This is a Japanese Woodblock print book (which is a sub-category of what is referred to a ‘Ehon’, picture books). The prints are designed by an artist (in this case, the famous Hokusai) and then carved by professional carvers (and then printed by professional printers). This book series was almost certainly created as a result of the popularity of Hokusai’s famous 36 Views of Mount Fuji (the one with the great wave).
Hokusai first started to publish the 36 Views print series in 1830. It was incredibly successful – in part due to his portrayal of the subject matter – but also because it was one of the first prints to make extensive use of Prussian Blue (a new ink import from China and Europe).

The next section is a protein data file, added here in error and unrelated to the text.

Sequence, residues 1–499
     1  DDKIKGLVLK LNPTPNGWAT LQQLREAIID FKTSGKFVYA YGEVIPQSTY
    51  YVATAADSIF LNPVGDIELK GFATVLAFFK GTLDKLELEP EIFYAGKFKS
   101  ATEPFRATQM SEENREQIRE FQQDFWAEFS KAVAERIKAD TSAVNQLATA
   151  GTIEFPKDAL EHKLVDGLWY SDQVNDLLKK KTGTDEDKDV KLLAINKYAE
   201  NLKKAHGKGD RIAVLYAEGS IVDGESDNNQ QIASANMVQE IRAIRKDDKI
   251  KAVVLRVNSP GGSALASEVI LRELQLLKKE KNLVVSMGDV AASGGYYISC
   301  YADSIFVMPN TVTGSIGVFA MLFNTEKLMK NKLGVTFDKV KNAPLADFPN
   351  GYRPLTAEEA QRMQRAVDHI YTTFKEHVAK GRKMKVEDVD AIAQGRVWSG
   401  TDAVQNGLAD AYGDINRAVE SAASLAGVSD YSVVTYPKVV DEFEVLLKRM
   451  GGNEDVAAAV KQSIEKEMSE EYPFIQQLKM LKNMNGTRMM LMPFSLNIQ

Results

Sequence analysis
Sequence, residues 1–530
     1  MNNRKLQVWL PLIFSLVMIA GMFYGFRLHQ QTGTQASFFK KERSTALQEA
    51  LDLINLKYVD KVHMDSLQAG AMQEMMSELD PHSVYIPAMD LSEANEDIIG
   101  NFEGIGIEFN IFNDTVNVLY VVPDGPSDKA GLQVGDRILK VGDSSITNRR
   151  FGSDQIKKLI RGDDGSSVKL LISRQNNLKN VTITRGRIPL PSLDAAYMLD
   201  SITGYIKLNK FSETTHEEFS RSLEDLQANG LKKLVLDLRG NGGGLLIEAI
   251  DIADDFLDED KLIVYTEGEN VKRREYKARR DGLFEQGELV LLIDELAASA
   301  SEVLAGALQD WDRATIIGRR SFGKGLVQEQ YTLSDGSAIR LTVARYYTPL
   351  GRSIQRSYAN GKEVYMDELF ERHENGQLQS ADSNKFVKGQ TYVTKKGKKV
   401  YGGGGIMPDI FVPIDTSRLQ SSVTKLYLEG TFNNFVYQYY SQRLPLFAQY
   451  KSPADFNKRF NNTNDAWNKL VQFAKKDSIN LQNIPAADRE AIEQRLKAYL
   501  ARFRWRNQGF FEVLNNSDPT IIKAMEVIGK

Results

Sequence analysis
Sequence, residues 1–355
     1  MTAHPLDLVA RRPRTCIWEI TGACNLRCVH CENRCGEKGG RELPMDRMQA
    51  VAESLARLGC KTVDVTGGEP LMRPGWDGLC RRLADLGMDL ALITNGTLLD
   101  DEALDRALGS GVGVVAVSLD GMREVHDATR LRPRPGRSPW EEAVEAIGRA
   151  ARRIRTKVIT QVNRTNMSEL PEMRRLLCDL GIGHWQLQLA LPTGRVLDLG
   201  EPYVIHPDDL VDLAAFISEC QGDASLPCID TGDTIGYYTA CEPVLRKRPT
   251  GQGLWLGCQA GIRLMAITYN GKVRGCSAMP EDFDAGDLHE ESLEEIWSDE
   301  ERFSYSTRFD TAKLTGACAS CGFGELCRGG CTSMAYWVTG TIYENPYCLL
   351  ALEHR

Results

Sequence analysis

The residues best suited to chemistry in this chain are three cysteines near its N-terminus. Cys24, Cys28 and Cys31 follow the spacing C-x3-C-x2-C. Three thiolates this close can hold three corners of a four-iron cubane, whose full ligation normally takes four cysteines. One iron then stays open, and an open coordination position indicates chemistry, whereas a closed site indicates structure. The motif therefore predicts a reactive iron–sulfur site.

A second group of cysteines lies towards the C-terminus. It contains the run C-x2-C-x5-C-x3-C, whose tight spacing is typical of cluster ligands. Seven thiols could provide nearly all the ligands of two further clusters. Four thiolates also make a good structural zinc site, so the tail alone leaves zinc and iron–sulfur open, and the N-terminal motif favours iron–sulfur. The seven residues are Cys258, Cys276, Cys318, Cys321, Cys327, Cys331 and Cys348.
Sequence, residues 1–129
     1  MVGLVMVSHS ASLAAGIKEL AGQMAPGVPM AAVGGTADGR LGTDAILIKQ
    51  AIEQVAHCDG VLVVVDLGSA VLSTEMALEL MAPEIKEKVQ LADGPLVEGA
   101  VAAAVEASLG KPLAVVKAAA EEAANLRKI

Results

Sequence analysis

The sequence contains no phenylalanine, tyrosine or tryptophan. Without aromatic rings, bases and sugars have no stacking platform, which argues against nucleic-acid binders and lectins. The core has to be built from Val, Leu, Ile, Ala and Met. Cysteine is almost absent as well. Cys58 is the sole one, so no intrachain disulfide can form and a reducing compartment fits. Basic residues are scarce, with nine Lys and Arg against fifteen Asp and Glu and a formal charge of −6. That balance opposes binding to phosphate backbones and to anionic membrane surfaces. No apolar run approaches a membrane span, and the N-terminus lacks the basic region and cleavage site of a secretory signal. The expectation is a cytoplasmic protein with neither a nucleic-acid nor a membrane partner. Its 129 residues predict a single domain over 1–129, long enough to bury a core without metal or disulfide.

While this particular ehon doesn’t have any color, it certainly does have the fascinating charisma and design that is ever-present in Hokusai’s work.
Edo-era ehon were created as low-cost ways for people to get complete collections of their favorite prints. Since the prints were only in black it made it very easy to mass produce. (Most color prints were a mixture of black line and color prints – oftentimes publishers would do print runs of just the black line prints as a way to sell cheaper prints more efficiently.)